Vonnegut's humor is demonstrated primarily through the medium of black humor, a literary technique that makes us laugh so that we don't cry. Black humor is humor discovered in agony, despair, or horror. It can exist as an individualized hell or as a generally pessimistic view of the universe. In Slaughterhouse-Five, Vonnegut embellishes the scope of black humor by incorporating irony and by using vocabulary that creates a mock-serious tone, often leading to absurdity.
One example of Vonnegut's black humor concerns the British officers who welcome the American prisoners to the POW camp. These British officers, functioning in what would ordinarily be considered a demoralizing environment, manage to make the war experience seem less horrific than it really is. They treat the American POWs to a musical version of Cinderella during the first night in camp, an entertaining fare one would not typically expect in a German POW camp. With their incredible morale and elevated esprit, the British officers delight even the Germans who hold them captive. However, juxtaposed to this fantastical way of life is the fact that the Englishmen readily use objects of inhumanity without remorse. For example, their candles and soap, made from human fat rendered from Nazi war victims, are accepted without question. Slaughterhouse-Five is replete with such horrible compromise, yet the severity of these events is masked by Vonnegut's black humor.
On an individual level, the best examples of the novel's ironic black humor concern the hobo and Edgar Derby. The 40-old hobo, captured along with the American soldiers, continually assures his comrades that things "ain't so bad." He has been in boxcars before, he announces, but after nine days of confinement, he dies. Such situational irony is also evident in Derby's plight. He survives the bombing of Dresden, but he does not survive what follows. Having stolen a teapot, a minuscule item indeed, he is executed for the offense. For Vonnegut, the personal irony of the hobo's and Derby's situations magnifies the injustices of war, which often lead to the demise of individuals and their untimely deaths in absurd circumstances.
One additional technique that Vonnegut employs to set the tone of the novel's black humor is his use of words or phrases as a form of mock seriousness that gives way to the absurd. On the night of the Dresden bombing, Billy and his fellow POWs, as well as some of the guard detail, are underground in a meat locker that is used as a bomb shelter. Vonnegut's use of the term "meat locker" emphasizes that the prisoners are viewed not as humans by their captors, but as animals; after all, they are held in a slaughterhouse for animals. just as animals were previously killed in the Dresden slaughterhouse, so too, in theory, will many prisoners and civilians be killed — only the killers will not be Germans, but rather the American prisoners' fellow Allied soldiers. Other German guards, Vonnegut tells us, have "gone to the comforts of their own homes in Dresden. They were all being killed with their families." This tone of irony contrasts the human condition of life and family with the despair of death.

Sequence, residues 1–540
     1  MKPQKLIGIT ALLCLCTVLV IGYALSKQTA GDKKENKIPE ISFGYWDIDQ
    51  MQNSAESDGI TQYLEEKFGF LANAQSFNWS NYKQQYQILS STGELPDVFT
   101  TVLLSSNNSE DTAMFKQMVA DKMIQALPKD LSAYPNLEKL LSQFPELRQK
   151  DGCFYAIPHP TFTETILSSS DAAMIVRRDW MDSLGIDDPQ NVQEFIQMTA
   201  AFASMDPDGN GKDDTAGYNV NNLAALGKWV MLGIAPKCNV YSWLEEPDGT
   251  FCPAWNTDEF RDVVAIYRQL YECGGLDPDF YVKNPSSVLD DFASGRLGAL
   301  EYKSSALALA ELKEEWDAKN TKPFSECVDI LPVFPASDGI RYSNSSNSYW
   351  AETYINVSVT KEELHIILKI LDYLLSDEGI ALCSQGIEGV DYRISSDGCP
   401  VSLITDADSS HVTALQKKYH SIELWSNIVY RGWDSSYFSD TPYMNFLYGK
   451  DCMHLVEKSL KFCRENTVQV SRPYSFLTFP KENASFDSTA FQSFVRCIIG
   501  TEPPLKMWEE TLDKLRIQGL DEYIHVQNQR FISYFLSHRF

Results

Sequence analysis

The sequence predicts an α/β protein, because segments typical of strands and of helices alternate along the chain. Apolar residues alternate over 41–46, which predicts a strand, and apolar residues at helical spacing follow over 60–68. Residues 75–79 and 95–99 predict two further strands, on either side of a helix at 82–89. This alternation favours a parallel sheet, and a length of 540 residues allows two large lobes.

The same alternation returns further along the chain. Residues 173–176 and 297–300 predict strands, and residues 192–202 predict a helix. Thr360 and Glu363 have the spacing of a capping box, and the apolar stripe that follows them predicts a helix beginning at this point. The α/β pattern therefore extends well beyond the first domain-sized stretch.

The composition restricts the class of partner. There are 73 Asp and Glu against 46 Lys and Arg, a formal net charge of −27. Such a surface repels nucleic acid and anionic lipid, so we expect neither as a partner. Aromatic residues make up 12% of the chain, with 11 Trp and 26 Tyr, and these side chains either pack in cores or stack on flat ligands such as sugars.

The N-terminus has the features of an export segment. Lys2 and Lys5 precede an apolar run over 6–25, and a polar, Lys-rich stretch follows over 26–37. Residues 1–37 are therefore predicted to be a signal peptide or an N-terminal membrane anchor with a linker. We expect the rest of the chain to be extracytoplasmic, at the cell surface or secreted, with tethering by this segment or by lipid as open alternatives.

Another example of mock seriousness dissolving into absurdity is demonstrated in the dialogue of Wild Bob, the American infantry colonel who loses his entire regiment in battle. Waiting to be loaded into the boxcars destined for the POW camp, Wild Bob assures his men that there are dead Germans lying all over the battlefield who despair to God that they ever encountered the 405th Infantry Regiment, the regiment under Wild Bob's command. The seriousness of the situation quickly descends to absurdity as we realize that Wild Bob, critically injured and about to die, is losing his mind. The men to whom he speaks are not even part of his former regiment, yet Wild Bob hallucinates that they are. Even more pathetically absurd is his notion that the Germans died wishing they had never heard of his regiment: Wild Bob's soldiers, not the Germans, died on that battlefield.